London Mayor election 2021: Candidates campaign for final time

With Londoners set to head to the polls tomorrow (May 6) to vote for the next Mayor of London, candidates today had one final chance to get their messages across to voters.

The final opinion polls ahead of the election confirmed Sadiq Khan as the favourite in the race despite a late surge of support for his Conservative rival Shaun Bailey.

The current Mayor of London spent the final day of campaigning in east London, first meeting London Assembly candidates and local councillors in Newham before making his way to Waltham Forest where he chatted with locals, business owners and reporters.

Mr Khan discussed his plans to focus on “jobs, jobs, jobs” to revitalise London’s economy post-pandemic, as well as plans to tackle violent crime by addressing causes such as poverty and lack of opportunities.

The Labour candidate also told the Local Democracy Reporting Service that he hoped, should he win tomorrow, that the Government would “respect the wishes of Londoners” and give him powers that would allow him to implement his manifesto pledges, such as rent controls.

Sadiq Khan spoke to business owners and residents in Waltham Forest today ahead of the election. Credit: PA

Sadiq Khan spoke to business owners and residents in Waltham Forest today ahead of the election. Credit: PA

Shaun Bailey, meanwhile, was this morning joined by vaccine minister Nadhim Zahawi in Kennington as he focused on the issue of tackling knife crime.

Mr Bailey said: “As we emerge from the pandemic, we can’t go back to the record levels of knife crime and high cost of living that Londoners have faced over the last five years. We need a recovery.”

The Conservative candidate discussed his plans to put more police officers on the streets and reopen police stations before hitting the doorsteps for the final time this campaign.

Conservative candidate Shaun Bailey was joined by vaccine minister Nadhim Zahawi in Kennington today. Credit: PA

Conservative candidate Shaun Bailey was joined by vaccine minister Nadhim Zahawi in Kennington today. Credit: PA

Green Party candidate Sian Berry spent the final day of campaigning in south London, first discussing her plans to protect London’s renters with tenants and activists in Lambeth, before revealing a plan to expand school streets to universities and colleges during a visit to Lewisham.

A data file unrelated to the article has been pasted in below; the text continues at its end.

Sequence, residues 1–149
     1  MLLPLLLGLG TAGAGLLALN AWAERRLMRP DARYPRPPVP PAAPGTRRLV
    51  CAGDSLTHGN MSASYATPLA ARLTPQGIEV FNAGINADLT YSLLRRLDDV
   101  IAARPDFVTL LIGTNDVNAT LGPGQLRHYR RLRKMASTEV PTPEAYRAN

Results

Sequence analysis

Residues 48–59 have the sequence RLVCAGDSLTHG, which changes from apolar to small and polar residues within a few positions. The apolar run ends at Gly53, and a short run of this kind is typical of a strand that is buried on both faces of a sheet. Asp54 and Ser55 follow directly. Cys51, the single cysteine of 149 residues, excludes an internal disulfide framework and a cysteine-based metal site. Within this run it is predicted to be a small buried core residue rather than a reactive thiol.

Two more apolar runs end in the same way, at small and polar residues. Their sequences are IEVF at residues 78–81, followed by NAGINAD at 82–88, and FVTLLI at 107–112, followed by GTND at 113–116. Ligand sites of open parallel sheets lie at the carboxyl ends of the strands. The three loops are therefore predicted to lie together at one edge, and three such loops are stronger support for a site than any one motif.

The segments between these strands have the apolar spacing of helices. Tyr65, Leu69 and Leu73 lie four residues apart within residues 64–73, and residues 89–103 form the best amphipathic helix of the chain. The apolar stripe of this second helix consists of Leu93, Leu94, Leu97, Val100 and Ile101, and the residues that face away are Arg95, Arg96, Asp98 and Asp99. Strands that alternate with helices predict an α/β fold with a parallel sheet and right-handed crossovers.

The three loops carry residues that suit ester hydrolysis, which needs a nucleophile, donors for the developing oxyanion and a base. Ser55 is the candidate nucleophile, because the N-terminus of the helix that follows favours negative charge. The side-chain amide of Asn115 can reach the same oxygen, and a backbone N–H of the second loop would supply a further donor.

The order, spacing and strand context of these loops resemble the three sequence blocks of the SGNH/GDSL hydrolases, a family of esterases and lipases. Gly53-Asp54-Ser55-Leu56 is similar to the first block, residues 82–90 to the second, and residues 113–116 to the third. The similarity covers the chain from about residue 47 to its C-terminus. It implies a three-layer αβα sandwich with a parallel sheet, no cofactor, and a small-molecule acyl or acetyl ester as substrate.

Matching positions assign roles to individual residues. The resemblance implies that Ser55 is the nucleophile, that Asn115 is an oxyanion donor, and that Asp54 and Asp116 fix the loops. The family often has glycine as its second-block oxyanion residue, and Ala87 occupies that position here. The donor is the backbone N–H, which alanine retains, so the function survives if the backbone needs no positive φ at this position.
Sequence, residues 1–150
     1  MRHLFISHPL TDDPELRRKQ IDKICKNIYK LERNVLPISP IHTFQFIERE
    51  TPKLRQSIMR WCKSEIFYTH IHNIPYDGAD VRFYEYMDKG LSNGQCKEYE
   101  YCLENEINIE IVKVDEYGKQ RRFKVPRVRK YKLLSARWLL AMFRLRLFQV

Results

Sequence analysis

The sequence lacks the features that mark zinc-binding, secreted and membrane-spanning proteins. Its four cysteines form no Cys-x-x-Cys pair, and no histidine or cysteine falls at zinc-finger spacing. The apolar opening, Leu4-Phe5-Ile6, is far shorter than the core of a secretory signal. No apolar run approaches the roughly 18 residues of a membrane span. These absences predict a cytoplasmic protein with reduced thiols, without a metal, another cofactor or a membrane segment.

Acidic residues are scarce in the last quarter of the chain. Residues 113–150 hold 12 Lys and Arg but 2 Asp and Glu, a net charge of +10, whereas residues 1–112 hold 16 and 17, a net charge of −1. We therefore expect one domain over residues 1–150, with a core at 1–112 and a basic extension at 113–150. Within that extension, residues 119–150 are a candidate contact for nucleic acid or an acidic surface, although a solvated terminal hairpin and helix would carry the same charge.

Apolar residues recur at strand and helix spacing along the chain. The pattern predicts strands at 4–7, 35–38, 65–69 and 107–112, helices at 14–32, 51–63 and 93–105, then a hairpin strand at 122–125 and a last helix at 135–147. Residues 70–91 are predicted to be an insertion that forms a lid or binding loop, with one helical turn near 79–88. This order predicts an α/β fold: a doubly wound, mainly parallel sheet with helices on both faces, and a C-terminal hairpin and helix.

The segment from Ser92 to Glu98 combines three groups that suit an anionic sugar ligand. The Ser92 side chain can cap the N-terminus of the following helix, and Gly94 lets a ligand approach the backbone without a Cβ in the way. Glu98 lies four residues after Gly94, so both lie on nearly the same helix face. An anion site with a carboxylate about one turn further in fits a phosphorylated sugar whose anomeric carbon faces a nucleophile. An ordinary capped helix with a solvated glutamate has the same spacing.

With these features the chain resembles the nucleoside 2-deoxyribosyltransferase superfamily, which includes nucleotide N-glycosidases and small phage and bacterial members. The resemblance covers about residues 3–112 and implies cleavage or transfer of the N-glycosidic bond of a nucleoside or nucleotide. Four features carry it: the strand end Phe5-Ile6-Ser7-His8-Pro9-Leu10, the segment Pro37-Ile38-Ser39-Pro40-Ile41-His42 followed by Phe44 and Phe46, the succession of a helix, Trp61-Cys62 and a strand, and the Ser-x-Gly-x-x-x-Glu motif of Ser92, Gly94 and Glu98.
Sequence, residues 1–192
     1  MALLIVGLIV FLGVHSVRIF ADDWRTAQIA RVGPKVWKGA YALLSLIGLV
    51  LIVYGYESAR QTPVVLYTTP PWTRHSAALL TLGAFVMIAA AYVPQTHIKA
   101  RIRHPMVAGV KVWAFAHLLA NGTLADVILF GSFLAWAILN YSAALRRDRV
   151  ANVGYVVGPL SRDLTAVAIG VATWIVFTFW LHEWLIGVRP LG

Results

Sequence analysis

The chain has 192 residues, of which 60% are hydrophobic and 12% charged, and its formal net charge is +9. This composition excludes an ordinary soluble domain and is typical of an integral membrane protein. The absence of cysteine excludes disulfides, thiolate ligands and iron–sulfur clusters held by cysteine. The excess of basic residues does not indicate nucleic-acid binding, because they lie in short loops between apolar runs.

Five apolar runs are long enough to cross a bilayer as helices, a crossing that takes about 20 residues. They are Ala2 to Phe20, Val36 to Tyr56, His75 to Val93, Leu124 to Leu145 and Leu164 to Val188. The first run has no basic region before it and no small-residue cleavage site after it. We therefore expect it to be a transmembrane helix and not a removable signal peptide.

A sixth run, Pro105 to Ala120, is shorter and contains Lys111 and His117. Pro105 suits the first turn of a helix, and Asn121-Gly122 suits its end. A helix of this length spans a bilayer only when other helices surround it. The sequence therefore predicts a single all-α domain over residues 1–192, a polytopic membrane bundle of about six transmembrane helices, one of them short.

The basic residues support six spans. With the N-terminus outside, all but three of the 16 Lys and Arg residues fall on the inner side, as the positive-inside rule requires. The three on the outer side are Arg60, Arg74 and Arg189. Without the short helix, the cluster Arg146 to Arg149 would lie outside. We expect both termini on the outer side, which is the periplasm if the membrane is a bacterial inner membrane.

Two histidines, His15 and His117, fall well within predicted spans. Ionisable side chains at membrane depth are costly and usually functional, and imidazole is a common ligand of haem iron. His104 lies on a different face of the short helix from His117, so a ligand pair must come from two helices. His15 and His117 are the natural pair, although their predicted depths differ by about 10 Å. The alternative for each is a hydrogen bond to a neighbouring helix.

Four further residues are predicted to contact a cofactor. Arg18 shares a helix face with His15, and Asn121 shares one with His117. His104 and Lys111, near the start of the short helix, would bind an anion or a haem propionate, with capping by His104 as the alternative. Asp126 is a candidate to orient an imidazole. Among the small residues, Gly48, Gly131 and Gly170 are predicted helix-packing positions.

Ms Berry said: “I’m not going to give anyone any negative reasons to vote out of fear. Londoners have the chance to vote for something completely positive in this election. We can bring down rents, bring up the living wage, clean up our air and create good, green jobs. But we can only do all of this with a real Green mayor.”

Sian Berry visited a low traffic neighbourhood alongside Assembly candidate Caroline Russell and activist Isabelle Clement. Credit: London Green Party

Sian Berry visited a low traffic neighbourhood alongside Assembly candidate Caroline Russell and activist Isabelle Clement. Credit: London Green Party

Luisa Porritt, meanwhile, headed to the Liberal Democrat stronghold of south west London, where she was joined by her party’s leader and local MP Sir Ed Davey.

The Lib Dem candidate visited businesses and doorsteps in Surbiton, where she discussed her plans to reinvent high streets and convert disused offices into homes, making her case as the “progressive challenger” to Labour in London.

Ms Porritt said: “London is a vibrant, diverse, liberal city. Since inflicting Brexit on us, the Conservatives have blown their chances of winning here. They don’t reflect our values. The Tory candidate is miles behind the current Mayor and voters are looking for a new challenger to Labour in the capital.”

Luisa Porritt and Lib Dem leader Ed Davey canvassed voters in south west London today. Credit: PA

Luisa Porritt and Lib Dem leader Ed Davey canvassed voters in south west London today. Credit: PA

Polls open at 7am tomorrow (May 6) and voters can select a first and second preference for who they want to be Mayor of London.

Should no candidate receive 50 per cent of first preference votes, the top two candidates go through to a second round where voters’ second preference votes are added.

Enfield Independent | News